Born Alexander Lafayette Chew Wilder in Rochester, New York, Alec Wilder, wrote a great deal of music of remarkable originality in many forms: sonatas, suites, concertos, operas, ballets, art songs, woodwind quintets, brass quintets, jazz suites and hundreds of popular songs. He studied for a time at the Eastman School of Music but was for the most part a self-taught musician. As a young man, he moved to New York City and made the Algonquin Hotel his permanent home, though he traveled widely and often.
Mitch Miller, whom Alec met at Eastman, and Frank Sinatra were initially responsible for introducing his music to the public. It was Mitch who organized the historic recordings of Wilder octets beginning in 1939. Combining elements of classical chamber music, popular melodies and a jazz rhythm section, the octets became popular and eventually legendary. In 1945, Frank Sinatra, an early fan and avid supporter of Alec’s music, persuaded Columbia Records to record an album of Wilder solo wind works with string orchestra, Frank conducting. The two became lifelong friends and Frank recorded many of Alec’s popular songs. His last song, A Long Night, was written in response to Frank’s request for a “saloon” song. Alec’s relationship with popular and jazz singers was especially close. He was admired and respected by fellow musicians such as Marian McPartland, Bob Brookmeyer, Stan Getz, Mabel Mercer, Peggy Lee, Tony Bennett and Jackie and Roy. In the early 1950s, Alec became increasingly drawn to writing concert music for soloists, chamber ensembles and orchestra. Throughout the rest of his life, he produced dozens of compositions for the concert hall. His collaborations resulted in larger-scale works, expanding his song concept into operas and musicals; one of which, Miss Chicken Little (1953), written with William Engvick and based on the familiar children’s story, was commissioned for television by CBS. He also had an ongoing collaboration with Arnold Sundgaard. The operas Sunday Excursion (1953) and The Opening (1969) and the musical comedies Kittiwake Island (1953) and Nobody’s Earnest (1973) are examples of their work together. Closely related to his large-scale opera writing was Alec’s work on film scores. Friend and filmmaker, Jerome Hill, asked him to do three film scores: the Academy Award-winning documentary Albert Schweitzer (1957), The Sand Castle (1959) and Open the Door and See All the People (1963).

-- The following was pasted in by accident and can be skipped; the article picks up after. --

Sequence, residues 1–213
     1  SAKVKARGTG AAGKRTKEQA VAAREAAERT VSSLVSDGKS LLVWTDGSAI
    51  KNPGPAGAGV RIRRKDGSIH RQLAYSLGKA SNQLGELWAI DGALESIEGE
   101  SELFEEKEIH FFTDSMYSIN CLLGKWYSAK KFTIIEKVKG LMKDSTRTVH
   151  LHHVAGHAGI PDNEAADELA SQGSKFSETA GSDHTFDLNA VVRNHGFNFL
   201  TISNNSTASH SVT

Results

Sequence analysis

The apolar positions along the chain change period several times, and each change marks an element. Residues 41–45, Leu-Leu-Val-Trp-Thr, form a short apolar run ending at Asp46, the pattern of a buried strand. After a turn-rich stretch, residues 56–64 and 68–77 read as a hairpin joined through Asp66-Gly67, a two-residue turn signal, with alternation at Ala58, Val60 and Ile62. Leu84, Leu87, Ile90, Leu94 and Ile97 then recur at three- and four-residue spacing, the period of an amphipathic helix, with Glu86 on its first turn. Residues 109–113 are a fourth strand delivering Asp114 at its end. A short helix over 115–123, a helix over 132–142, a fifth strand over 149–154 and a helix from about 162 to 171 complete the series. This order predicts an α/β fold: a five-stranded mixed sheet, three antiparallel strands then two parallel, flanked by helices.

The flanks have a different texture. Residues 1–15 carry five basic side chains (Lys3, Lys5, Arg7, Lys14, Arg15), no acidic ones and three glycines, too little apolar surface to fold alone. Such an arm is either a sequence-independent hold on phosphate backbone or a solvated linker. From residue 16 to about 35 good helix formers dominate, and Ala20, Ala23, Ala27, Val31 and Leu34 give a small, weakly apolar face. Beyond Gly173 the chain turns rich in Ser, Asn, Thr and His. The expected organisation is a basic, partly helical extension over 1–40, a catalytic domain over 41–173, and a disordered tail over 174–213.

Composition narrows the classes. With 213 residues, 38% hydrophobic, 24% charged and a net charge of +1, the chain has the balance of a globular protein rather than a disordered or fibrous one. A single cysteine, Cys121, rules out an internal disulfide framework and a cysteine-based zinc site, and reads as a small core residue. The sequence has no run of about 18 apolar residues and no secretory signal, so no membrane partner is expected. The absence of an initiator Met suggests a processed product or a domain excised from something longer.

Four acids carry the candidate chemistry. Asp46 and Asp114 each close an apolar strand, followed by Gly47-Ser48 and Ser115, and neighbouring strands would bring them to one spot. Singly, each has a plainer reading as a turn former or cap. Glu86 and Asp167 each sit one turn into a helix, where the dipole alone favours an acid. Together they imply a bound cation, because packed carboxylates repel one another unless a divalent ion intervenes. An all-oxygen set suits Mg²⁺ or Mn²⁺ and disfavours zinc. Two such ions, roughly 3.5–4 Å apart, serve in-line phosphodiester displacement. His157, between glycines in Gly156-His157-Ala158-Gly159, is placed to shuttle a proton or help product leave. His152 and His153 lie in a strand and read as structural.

Alec arranged a series of Christmas songs. He also wrote many children’s songs for television productions and records and wrote hundreds of easy study pieces for many different instruments. In the mid to late 1970's, Alec was featured in a radio series with co-host Loonis McGlohon; based on his definitive book, American Popular Song: The Great Innovators, 1900–1950 (1972). He was never really interested in being categorized as a "classical" or a "popular", or even a "famous", composer. Alec’s ambition was to write good music. And he did, creating a large catalog of work characterized by intelligence, grace, elegance, sensitivity, and honest sophistication. Among his best-known songs are Moon and Sand, It’s So Peaceful in the Country, I’ll Be Around, While We’re Young, Who Can I Turn To? and Blackberry Winter. We are honored to represent such an amazing catalog of music.
We are honored to represent such an amazing musical catalog.
Take a listen to some of Wilder's most memorial songs: